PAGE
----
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What to Do About a Dry Socket After Tooth Extraction?

July 31, 2017

Filed under: Other Topics — Dr. Steve Koo @ 2:30 pm

She’s smiling big after a tooth extraction. At Piney Point Oral and Maxillofacial Surgery, wisdom tooth extraction is one of the most common procedures we perform. While most tooth removals occur without complication, sometimes a dry socket forms during the healing process. If you are getting ready for a tooth extraction, taking some time to learn about signs, symptoms, and treatment for dry socket can help you be prepared in the event it happens to you!

What Is Dry Socket?

If everything goes like it should after a tooth extraction, a blood clot forms over the spot where the tooth was removed. The clot protects the underlying nerves, bone, and tissue to facilitate healing. But if you have a dry socket, it means the clot never formed, or it was dislodged or otherwise damaged during the healing process. A dry socket leaves your bone and nerves exposed, and can prevent proper recovery.

What Are the Signs and Symptoms?

It’s easy to spot a dry socket — and there’s nothing pleasant about them. You will likely experience severe pain at and around the extraction site. Mild to moderate discomfort following an extraction is normal, but anything more than that, or pain that worsens rather than improves, is a sign of a problem. Also, you can usually notice the absence of a clot in the case of a dry socket. The bone beneath may be exposed. A bad smell may come from the area, and you may get a bad taste in your mouth.

What Causes a Dry Socket? Are There Risk Factors?

We are still not sure exactly why dry sockets occur, but some people are at a greater risk of developing one.

The risk factors for dry socket include:

  • Any type of tobacco use: smoking, chewing tobacco, etc.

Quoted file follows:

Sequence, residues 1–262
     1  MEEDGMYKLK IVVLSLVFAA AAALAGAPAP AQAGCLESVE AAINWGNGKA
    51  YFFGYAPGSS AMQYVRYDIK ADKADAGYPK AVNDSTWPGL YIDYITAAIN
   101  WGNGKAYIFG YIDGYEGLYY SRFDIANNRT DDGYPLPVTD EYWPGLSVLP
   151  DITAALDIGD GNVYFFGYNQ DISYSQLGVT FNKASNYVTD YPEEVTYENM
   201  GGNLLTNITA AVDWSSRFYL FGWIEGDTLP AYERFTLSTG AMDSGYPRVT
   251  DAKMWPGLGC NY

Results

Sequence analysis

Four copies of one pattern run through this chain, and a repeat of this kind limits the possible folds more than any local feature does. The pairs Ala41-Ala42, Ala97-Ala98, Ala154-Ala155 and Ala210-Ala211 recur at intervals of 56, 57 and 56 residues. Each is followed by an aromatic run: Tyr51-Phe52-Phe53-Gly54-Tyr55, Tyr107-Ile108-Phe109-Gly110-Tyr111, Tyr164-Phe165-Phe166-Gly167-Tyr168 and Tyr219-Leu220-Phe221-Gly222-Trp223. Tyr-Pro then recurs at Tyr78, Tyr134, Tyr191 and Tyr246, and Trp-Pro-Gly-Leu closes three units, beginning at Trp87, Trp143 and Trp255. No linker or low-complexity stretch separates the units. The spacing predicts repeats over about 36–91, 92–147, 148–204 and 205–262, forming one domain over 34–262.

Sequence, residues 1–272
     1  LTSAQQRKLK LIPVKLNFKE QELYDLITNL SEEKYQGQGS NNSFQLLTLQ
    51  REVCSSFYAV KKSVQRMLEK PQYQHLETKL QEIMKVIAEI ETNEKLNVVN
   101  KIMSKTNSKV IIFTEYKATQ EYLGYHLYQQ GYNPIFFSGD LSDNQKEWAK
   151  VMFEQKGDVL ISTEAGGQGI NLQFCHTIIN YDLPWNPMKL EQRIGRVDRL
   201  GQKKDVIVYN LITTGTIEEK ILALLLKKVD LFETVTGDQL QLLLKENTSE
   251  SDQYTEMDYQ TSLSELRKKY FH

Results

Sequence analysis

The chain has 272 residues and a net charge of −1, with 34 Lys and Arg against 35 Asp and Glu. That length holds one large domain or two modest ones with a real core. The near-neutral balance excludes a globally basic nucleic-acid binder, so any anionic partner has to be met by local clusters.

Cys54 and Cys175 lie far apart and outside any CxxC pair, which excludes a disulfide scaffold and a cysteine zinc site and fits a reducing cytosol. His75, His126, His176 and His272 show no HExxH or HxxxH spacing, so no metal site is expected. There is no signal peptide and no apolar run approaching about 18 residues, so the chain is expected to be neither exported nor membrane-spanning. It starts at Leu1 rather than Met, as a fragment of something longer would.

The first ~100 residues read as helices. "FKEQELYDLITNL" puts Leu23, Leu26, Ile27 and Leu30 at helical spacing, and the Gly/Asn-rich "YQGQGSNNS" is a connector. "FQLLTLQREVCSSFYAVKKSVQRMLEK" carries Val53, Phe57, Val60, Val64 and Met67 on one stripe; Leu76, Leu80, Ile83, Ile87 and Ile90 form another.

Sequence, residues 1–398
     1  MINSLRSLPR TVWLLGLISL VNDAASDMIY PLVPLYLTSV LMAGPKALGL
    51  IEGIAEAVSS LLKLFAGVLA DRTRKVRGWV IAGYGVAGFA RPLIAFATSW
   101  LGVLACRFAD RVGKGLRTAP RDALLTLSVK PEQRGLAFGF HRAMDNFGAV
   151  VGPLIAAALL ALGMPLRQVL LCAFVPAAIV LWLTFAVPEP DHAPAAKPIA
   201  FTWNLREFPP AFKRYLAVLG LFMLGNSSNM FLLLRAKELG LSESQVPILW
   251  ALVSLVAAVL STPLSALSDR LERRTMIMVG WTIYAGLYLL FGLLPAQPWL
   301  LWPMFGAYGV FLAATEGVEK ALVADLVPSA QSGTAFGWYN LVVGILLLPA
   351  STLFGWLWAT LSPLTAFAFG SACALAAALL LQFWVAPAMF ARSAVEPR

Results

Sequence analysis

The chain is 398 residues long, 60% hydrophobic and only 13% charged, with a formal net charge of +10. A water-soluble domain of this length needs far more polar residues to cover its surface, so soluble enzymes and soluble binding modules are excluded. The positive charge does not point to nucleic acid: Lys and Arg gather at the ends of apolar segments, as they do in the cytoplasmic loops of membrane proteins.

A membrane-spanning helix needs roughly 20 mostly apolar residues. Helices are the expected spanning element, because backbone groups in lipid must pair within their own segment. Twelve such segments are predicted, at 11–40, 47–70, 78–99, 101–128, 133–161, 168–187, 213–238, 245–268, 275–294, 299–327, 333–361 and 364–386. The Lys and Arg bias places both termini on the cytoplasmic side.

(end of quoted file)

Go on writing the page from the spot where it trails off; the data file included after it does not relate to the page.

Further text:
• Taking oral contraceptives/estrogen therapy
  • Poor aftercare
  • Insufficient oral hygiene
  • Drinking through a straw after the procedure
  • Infection of the gums or teeth surrounding the extraction site
  • Having had a dry socket in the past

What’s the Treatment for a Dry Socket?

Get in touch with your dentist or oral surgeon right away if you suspect you have a dry socket after a tooth extraction. We may take X-rays to determine whether or not bone infection is present or if any leftover pieces of tooth are irritating the area.

If it is a dry socket that’s causing the issue, we will flush the area to remove any bacteria or infection, pack the socket (or fill it with a special dressing) to protect the bones and nerves beneath, and then prescribe pain medications as needed to alleviate discomfort. We may send you home with instructions to rinse with a medicated mouthrinse for the next several days to clean out the area and promote healing. Make sure you keep up with your scheduled follow-up appointments after developing a dry socket.

Contact Us With Further Questions

If you have questions about an upcoming oral surgery, or if you suspect you have a dry socket following tooth extraction, please don’t hesitate to get in touch with Piney Point OMS. We want you to be prepared for everything that’s coming your way! Feel free to contact our team of experts today.

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